While there isn't a definitive answer as to whether gavaging a duck is more or less humane than raising chickens in cramped cages or less morally defensible than say, driving up the price of quinoa to a point where the people who benefit the most from its nutritional value can no longer afford to buy it, there is somewhat universal agreement in this country on the subject of censorship. 

At the risk of overdramatization, the foundation of the constitution was built upon it.

For the California chefs who've been writing with foie gras their entire careers, it's an omen of what's to come. The first pebble knocked down a slippery slope into a world where the ingredients they paint onto a plate are stripped from their palat(t)e.

I still don't necessarily want to order it at a restaurant, and I don't regret that I didn't make it to any of the "Farewell to Foie" dinners around Los Angeles this month, but I do feel grief at what it represents.

The deletion of a word from the culinary dictionary.

Tuesday, June 26, 2012

Cinnamon Roll Cookies: Relentless obsession, channeled deliciously


"Will he call me?"

I plunked the words into the Google search bar -- the one at the top right of my browser that I never even knew existed until a week ago when Ashley pointed it out to me.

We were drinking wine, my new Trader Joe's obsession, Goats in Village Chenin Blanc Viognier, and had somehow stumbled onto the subject of Channing Tatum, who I always want to call "Tatum Channing." This wine-fueled wandering naturally led into a discussion about his -- Channing Tatum's/Tatum Channing's -- former profession as a stripper, and, by extension, the trailer to his stripper movie, Magic Mike.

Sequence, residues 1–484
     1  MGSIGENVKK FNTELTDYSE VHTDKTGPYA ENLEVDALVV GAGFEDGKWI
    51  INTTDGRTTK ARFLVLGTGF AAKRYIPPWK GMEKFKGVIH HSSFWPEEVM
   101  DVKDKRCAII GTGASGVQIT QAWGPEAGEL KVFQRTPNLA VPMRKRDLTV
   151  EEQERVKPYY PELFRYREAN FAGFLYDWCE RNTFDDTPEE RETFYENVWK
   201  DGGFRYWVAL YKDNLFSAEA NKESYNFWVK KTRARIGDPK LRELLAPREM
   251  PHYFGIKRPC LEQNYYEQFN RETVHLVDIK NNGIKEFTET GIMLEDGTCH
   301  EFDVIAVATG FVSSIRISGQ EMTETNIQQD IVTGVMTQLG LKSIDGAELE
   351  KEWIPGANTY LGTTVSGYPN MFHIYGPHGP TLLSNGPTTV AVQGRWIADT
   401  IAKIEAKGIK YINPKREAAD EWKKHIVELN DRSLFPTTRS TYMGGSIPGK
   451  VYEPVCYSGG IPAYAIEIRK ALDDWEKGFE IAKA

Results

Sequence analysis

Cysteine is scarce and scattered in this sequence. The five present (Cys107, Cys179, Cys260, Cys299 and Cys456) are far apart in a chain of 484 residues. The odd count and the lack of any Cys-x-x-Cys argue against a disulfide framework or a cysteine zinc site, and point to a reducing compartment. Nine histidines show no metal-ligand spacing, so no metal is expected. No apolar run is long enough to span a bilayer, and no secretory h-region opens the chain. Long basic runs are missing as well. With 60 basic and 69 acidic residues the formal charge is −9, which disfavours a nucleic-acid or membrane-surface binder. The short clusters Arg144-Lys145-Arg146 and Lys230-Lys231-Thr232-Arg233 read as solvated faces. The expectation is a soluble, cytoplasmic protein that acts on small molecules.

That clearly we needed to watch immediately.


(We were on glass #2 by this point.)

"Why don't you just type it in there?" She asked, impatiently jutting her finger at my laptop screen.

And just like that a whole new world of Googling opened up for me. And, by "Googling," I really mean "stalking." The type of thing I do when it's a Thursday night and I'm sitting cross-legged on my couch with my shirt tucked into my sweatpants. (Usually I'm on cup #2 of rooibos tea at this point.)

On this particular night, incapable of employing my usual methods of Internet stalkage via social media (Twitter, Facebook and, in the best case stalking scenario, a personal blog), I deemed it completely rational to instead plug my burning questions into the Google search bar. Because that's what logical people who tuck their shirt into their sweatpants do when there's nothing on the DVR aside from old episodes of "Glee."